Response to Understanding Comics

In the Understanding Comics Chapter 4, McCloud talked about time frames in comics. Mainly, he talked about the combination of time and space and time and motion in comics, and how comics can combine these two in ways no other medium really can.

One of the most interesting aspects of this chapter is how he talks about how much longer a time frame can be than what it actually is in the story. For instance, he showed a picture of a man sobbing and said that we can know for sure that this last longer than just a second, it may even go on for several minutes. This is brought up when he talks about the strange relationship between time as it is depicted in comics and time as the reader perceives it.

I actually disagree that this is something that unique to comics and comics alone. Yes, it is more unique than most, but that doesn’t mean that other mediums can’t do this either. A reader can read a book, read a line that states someone is sobbing, and in their own mind they can perceive that person is crying for longer than the second that it last in the book. One medium that an argument can be made is that music is actually more unique in the relationship between time depicted and time perceived than any other form of medium in the world. An artist can write a lyric about a young lady crying and then the next lyric is about a man meeting her and changing her life. When you’re listening to this you know that this doesn’t happen in a matter of five seconds, it happens in a matter of days, weeks, or maybe months. If comics have a time frame that elapses over a span of several days, they will tell you. Songs don’t have to tell the listener when time passes, the listener just automatically knows that.

“Another way to look at it: Let’s think of time as a rope. Each inch represents a second. Such a rope might be said to wind something like this through our panel. Simplified, of course, since each balloon has its own twists and turns.”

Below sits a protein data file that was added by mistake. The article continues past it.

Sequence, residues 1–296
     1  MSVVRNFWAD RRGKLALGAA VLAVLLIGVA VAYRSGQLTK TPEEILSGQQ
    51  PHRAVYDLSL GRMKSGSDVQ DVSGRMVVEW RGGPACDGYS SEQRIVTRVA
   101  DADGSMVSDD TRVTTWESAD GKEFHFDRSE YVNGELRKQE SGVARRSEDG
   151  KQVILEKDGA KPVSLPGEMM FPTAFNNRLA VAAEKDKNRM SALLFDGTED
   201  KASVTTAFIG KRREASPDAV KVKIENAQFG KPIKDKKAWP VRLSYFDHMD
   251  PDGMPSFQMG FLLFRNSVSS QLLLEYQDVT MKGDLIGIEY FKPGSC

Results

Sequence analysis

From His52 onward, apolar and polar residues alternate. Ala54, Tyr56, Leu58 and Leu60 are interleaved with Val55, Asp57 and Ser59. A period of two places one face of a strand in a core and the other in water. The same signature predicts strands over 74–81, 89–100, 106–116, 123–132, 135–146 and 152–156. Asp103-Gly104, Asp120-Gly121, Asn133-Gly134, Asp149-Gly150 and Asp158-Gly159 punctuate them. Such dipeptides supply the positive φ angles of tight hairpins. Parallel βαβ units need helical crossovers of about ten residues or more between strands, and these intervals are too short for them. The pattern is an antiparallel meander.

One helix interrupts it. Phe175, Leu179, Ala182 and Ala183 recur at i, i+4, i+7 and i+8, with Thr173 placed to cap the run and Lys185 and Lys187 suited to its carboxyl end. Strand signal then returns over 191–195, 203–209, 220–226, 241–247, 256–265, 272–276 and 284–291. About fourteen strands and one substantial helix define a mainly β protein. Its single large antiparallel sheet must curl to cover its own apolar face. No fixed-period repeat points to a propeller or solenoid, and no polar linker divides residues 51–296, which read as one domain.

McCloud thinks of each speech bubble as a rope that connects on speech bubble to the next and I actually would agree with this. Not only does this imaginary rope connect the speech bubbles together, but the rope is also figuratively pulling the readers’ eyes through each speech bubble and to next part of the story. Everyone who has ever read a comic knows the order of the way you need to read the speech bubble and how your eyes go throughout the story.

One of the most interesting points in his comic explaining comics is the way he explains how comics show aspects of time in art where time is actually standing completely still. He showed how they evolved from sloppy zip lines and he described as desperate attempts to represent those paths of moving objects through time and space to what we see now in modern comics and how fantastic the artists have become at what they do.

This has been something that has always been highly interesting to me as an avid comic book reader, especially since most of the comics I used to read were almost always superhero comics that were fantastic with showing time elapsing with one single picture and nothing else.

“Those same lines became so stylized as to almost have a life and physical presence all their own.”

To end, I would completely agree with most of what McCloud wrote and how unique the style of comic books are compared to all of the other mediums out in the world. But, I also would completely disagree that it is the only form of the medium that can truly master these different forms of combining time and space and time and motion.